I feel robbed by etx capital and I don't know what to do. Any advice?

Jell02

Junior member
27 1
this **** is scary, how are there no protections against this? a stop is a stop is a stop, the companies should protect people from this.

It doesn't work like this at all. A stop and a take profit are never guaranteed. I am a bit lazy to get into this but if at your stop loss price there are no buyers or sellers (depending if you are short or long) then it would not hold and the next available price will be the stop or take profit. The only brokers that could offer some 'protection' are market makers because they control the market price. But at such events like EURCHF no one is protected. I am very surprised no one wrote this. The broker is 100% right and yes, it is a terrible experience but this is the market.
 

barrymong

Newbie
7 1
I know but my main issue was being told that after the trade was reversed I was at a profit of £65 and then it was changed to a loss of £65 and then it was changed AGAIN to a loss of almost £900! That is taking the **** no matter what anyone says! I was continuing to trade throughout the following days because I thought I had the funds in my account and then all of a sudden my account got wiped and my open trades got closed and I was then in debt. I think anyone would be annoyed but like I said before thank god it was a relatively small amount compared to what it could have been.
 

jamesuk

Junior member
45 2
I know but my main issue was being told that after the trade was reversed I was at a profit of £65 and then it was changed to a loss of £65 and then it was changed AGAIN to a loss of almost £900! That is taking the **** no matter what anyone says! I was continuing to trade throughout the following days because I thought I had the funds in my account and then all of a sudden my account got wiped and my open trades got closed and I was then in debt. I think anyone would be annoyed but like I said before thank god it was a relatively small amount compared to what it could have been.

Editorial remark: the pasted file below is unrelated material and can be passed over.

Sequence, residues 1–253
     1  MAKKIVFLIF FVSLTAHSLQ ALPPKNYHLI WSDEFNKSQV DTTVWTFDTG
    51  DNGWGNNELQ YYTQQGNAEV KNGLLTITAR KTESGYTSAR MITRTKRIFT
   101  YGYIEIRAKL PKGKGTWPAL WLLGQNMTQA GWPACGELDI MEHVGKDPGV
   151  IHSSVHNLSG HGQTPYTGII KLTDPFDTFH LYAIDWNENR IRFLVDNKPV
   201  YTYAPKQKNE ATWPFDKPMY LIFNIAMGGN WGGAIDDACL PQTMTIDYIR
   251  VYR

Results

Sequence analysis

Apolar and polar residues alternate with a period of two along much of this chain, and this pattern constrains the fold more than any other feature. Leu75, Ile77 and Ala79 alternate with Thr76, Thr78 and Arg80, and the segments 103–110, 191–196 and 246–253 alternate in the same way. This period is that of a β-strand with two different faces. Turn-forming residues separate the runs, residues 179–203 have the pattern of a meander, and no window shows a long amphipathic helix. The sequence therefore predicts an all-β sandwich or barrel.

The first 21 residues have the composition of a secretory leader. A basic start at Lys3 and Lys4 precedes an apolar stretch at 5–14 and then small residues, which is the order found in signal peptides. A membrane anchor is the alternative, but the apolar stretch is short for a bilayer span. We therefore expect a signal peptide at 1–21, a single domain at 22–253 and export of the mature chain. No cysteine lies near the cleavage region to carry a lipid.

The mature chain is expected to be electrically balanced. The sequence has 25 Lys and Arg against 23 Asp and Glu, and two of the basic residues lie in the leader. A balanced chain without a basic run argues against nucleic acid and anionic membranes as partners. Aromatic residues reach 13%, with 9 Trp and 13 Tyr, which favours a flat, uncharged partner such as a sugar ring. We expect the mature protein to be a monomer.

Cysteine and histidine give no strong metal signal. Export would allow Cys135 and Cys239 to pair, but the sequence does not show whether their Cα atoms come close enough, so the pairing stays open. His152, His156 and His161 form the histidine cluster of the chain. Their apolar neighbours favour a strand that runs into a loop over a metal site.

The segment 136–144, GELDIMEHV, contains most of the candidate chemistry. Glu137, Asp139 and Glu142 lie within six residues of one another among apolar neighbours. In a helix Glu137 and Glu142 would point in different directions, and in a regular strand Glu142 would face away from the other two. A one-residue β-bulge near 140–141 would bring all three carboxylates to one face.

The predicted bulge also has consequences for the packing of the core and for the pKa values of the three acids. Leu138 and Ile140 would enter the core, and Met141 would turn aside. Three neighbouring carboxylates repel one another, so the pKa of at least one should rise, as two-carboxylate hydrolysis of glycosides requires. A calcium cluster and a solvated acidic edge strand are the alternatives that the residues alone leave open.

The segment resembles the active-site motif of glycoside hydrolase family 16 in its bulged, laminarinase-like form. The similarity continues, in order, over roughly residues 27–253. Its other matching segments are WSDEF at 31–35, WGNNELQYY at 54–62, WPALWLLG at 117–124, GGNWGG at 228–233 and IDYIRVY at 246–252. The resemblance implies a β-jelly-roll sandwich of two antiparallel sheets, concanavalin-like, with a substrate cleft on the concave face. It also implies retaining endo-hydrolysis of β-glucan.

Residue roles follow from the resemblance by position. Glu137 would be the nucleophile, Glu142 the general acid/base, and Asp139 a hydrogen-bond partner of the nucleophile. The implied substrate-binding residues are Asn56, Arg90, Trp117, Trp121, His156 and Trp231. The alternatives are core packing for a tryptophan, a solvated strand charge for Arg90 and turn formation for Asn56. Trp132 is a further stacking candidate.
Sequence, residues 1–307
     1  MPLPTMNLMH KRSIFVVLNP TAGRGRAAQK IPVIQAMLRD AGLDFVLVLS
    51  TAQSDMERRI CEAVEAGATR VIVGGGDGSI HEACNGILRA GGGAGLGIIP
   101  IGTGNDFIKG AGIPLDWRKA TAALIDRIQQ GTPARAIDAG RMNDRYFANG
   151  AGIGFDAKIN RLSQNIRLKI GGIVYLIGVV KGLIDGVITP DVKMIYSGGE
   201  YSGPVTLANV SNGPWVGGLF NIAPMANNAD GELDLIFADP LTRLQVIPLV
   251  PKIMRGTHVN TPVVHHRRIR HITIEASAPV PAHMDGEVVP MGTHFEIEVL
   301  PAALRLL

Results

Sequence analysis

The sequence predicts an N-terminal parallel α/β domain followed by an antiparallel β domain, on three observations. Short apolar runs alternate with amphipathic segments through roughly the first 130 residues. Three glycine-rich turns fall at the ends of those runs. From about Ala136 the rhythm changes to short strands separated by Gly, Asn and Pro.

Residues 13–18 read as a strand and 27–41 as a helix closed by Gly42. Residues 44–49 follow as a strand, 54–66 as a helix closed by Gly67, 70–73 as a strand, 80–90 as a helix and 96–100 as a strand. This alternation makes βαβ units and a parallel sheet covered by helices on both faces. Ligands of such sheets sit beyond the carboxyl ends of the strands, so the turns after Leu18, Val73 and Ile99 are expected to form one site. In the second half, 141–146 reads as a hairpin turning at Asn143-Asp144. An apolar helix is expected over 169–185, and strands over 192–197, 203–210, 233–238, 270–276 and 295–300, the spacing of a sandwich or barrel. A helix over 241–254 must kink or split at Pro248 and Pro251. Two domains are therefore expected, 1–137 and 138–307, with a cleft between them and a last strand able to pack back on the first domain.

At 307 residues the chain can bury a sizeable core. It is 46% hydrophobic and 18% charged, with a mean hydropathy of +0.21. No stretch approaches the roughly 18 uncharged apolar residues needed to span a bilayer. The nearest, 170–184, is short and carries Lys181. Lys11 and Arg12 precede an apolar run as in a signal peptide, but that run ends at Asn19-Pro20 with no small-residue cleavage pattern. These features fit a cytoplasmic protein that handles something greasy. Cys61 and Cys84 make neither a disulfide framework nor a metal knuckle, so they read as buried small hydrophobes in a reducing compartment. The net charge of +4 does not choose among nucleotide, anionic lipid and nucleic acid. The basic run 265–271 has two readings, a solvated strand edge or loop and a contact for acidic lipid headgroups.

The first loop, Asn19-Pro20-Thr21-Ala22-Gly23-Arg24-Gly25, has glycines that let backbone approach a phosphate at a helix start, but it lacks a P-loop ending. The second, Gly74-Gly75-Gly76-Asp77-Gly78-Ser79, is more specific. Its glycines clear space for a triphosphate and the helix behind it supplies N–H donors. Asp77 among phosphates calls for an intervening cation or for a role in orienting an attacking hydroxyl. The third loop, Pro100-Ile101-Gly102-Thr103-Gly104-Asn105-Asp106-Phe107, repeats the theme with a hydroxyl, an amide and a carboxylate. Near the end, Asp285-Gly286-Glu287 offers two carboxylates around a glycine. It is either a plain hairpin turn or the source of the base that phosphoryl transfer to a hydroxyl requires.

Jell02 has right however barrymong is right aswell they should had informed him with the correct information and going back and forth
 

Jell02

Junior member
27 1
Jell02 has right however barrymong is right aswell they should had informed him with the correct information and going back and forth

The guy that informed him made a mistake with the amount. Many people that do not know the market made mistakes and that includes people the broker hires. It was a mistake which was soon corrected. Many traders lost on EURCHF but many, many also profited. Those that were short USDCHF or EURCHF made a lot of money.
 

rawrschach

Experienced member
1,223 277
this **** is scary, how are there no protections against this? a stop is a stop is a stop,

No it isn't. It's an order and no one can control where it will be filled.

All the spread bet whiners have no idea that these issues are much worse in the real market.
 

highbury fx

Well-known member
338 114
No it isn't. It's an order and no one can control where it will be filled.

All the spread bet whiners have no idea that these issues are much worse in the real market.

This is quite correct. Unless it is a guaranteed stop to close an open position a normal Stop Loss order is simply an instruction to your broker to trade at the next available price once the Stop Loss level has been touched.

After everything that happened with the EUR/CHF you would have hoped that the one lesson retail clients learned that day was that liquidity is not bottomless and there are not an endless supply of bids and offers for you to close or open positions at.
 

alexaherself

Established member
560 149
All the above comments are perfectly true and valid, but I think that isn't really what the OP is complaining about?

See what he said, just above:-
I know but my main issue was being told that after the trade was reversed I was at a profit of £65 and then it was changed to a loss of £65 and then it was changed AGAIN to a loss of almost £900! That is taking the **** no matter what anyone says!

The issue highlighted here is about customer service and behaviour, surely? A representation was made to him in an official capacity by an ETX employee; it turned out to be completely wrong and they haven't even apologised for that (is my understanding, here)?
 

barrymong

Newbie
7 1
That's right Alexa. Markets are markets and that's fair enough but to be wrongly informed and messed about is really unfair especially when money is concerned. It's a fact though that if the same thing had happened and I was in profit £900 instead of at a loss I wouldn't be complaining. I think maybe it was just self pity and desperation. It was a valuable lesson though highbury and thankfully it didn't cost me thousands of pounds. I have changed broker now and they don't do requotes so hopefully everything will be ok.
 

stevespray

Experienced member
1,289 154
Keep fighting this...

Hi Barry,

I've had issues like this with various firms over the years. Fight them and you will get your funds returned.

You have a very strong case because they actually executed your stop loss order and filled your position. That constitutes, in law, a legally binding contract.

Bear in mind that all the firm's arguments are retrospective in nature. In real time they obviously offered the quotation which you were filled at. They are only arguing 'after the event' that this particular price shouldn't have been offered.